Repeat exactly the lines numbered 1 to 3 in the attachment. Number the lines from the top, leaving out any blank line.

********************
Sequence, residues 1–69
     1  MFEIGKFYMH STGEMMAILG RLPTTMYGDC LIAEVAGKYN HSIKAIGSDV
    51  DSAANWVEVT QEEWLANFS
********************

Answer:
Sequence, residues 1–69
     1  MFEIGKFYMH STGEMMAILG RLPTTMYGDC LIAEVAGKYN HSIKAIGSDV
    51  DSAANWVEVT QEEWLANFS